2015 was a record year in almost every reader-related metric for Farnam Street.

The number of Farnam Street readers increased dramatically. The time people spent reading a page (a good proxy for how interested people are in the content) increased. The bounce rate (a fancy phrase for the percentage of people who look at one page and then leave the site) decreased dramatically. In short we had more people who read longer and looked at more pages.

We offered three public Re:Think Workshops (Leadership, Innovation, and Decision Making). This took a lot of effort from an amazing team. The quality of people who attend these events continues to blow my mind. One former Harvard Business School professor summed it up nicely by saying you won’t find a better crowd of people at a public event anywhere. The feedback for all of the events was positive with the exception of one person (over 100 positives and 1 negative – we’ll take it). I felt we were at risk of spreading ourselves too thin, so we've decided to pare down to two in 2016 (Decision Making in February, which is already sold out, and Innovation in the fall). We’ve opted to put Re:Think Leadership on hold for now. Additionally, we have 13 people coming to Re:Think Decision Making who have attended Re:Think workshops in the past (including 6 who are attending Re:Think Decision Making for the second time) — I can’t think of a better metric to help gauge success.

The Knowledge Project, a successful podcast, launched. The first few episodes have been downloaded over 100,000 times. The audio quality sucked at first — which is entirely my fault — so we’ve spent a lot of time and money getting that to a decent place. I can tell you firsthand, the quality of conversation doesn’t matter if people can’t hear it. We’re much better now but there is still a lot of room for improvement.

Our first ever online product: How to be Insanely More Productive launched. I remember being on a train coming back from Toronto when I first put this online. I figured this was a good place to start as I’m often asked to talk about productivity. I guessed about 50 people would sign up and I’d get some good feedback on how to deliver an online course that delivered tangible results in people’s lives. I was blown away by the participation levels and extremely positive feedback. I still get emails almost weekly from people saying how it helped them gain control of their lives and spend more time with their family. However, similar to the first episode of The Knowledge Project, this webinar offered first-rate content in third-tier packaging. I had another webinar planned for September on How to Read a Book, but I delayed the launch until I could find the right people to help re-package and re-formulate the material into something much better.


Membership program and the economics of running an online media company.

Perceptive readers will note the change of perspective from “I” to “we” in recent posts and newsletters.

Farnam Street had reached the point where I couldn't do the things I wanted to do long-term and still keep the day-to-day going. Despite having a team of people working hard to bring you events like Re:Think Decision Making, it's largely been a one-person endeavor until now.

I had to decide between pursuing my goals short-handed, which limits what can be accomplished, and growing with like-minded people who share my vision for Farnam Street. I chose the latter. And the first such hire started in November.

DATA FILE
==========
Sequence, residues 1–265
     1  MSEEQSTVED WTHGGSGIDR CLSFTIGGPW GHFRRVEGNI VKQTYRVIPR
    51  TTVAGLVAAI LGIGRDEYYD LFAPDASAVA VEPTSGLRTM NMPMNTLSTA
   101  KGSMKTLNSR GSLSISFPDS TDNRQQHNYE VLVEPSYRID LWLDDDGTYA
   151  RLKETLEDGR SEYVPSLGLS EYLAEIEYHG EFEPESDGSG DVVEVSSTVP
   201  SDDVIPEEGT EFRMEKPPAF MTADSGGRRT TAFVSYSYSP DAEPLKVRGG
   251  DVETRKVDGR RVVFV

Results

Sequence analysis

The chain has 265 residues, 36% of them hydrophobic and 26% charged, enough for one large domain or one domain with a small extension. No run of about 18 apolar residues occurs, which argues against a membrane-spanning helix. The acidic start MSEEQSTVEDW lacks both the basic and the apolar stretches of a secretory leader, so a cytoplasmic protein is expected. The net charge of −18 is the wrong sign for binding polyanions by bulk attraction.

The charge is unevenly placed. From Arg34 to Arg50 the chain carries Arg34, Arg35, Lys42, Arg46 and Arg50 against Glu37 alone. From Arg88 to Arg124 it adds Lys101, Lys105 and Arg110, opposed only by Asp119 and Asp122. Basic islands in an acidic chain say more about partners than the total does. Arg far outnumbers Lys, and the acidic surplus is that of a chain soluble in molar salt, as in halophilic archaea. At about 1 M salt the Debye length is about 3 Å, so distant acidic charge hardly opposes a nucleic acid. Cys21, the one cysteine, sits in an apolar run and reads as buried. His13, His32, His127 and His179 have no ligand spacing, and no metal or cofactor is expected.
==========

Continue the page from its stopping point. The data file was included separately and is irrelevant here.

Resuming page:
In late summer I started courting Jeff Annello to work with me at Farnam Street full-time. Not only does Jeff exemplify the Farnam Street ethos but he's a paragon of quality thinking. We've worked together in the past and had been waiting for another opportunity to do so.

Many people don't realize that Farnam Street takes hundreds of hours and thousands of dollars a month to sustain — and that was before bringing Jeff on board.

For years, generous readers like you have supported Farnam Street with donations. Without exception, I've reinvested all of that money back into Farnam Street.

I wish all help came as cheap. Jeff and his new fiancé, as you can imagine, don't fully subscribe to this long-hours, no-salary package.

This was the impetus that led me to Re:Think the donation model. While I haven't done away with donations, you can still contribute that way if you wish, I've opted to focus on a membership program.

Online media properties, as you probably know, are going through a bit of a rough patch as they look for ways to create and capture value. The problem, from a reader's perspective, is that most of these organizations want to capture more value than they create — they focus on the wrong side of the equation. This leads to a short-term engagement between creator and audience, as the latter realizes they've been had.

Farnam Street takes the opposite approach: Add so much value that people want to support it. Our goal is to be so good that having a membership becomes a no-brainer, while at the same time, using some of the proceeds from paid membership to improve the free areas of the site.

The vast majority of content will always be free, and you can expect the free content to increase in quantity and quality as we head into 2016. If you find value in Farnam Street, we hope you'll consider contributing either through an individual or corporate membership.

One thing I want to make clear is that, although I've done a good bit of the work to date by myself, Farnam Street is a team. There is no way we would have gotten where we are without the wonderful support of a few key people who wish to remain behind the scenes. These people play more of a role than you can imagine and we all owe them our thanks.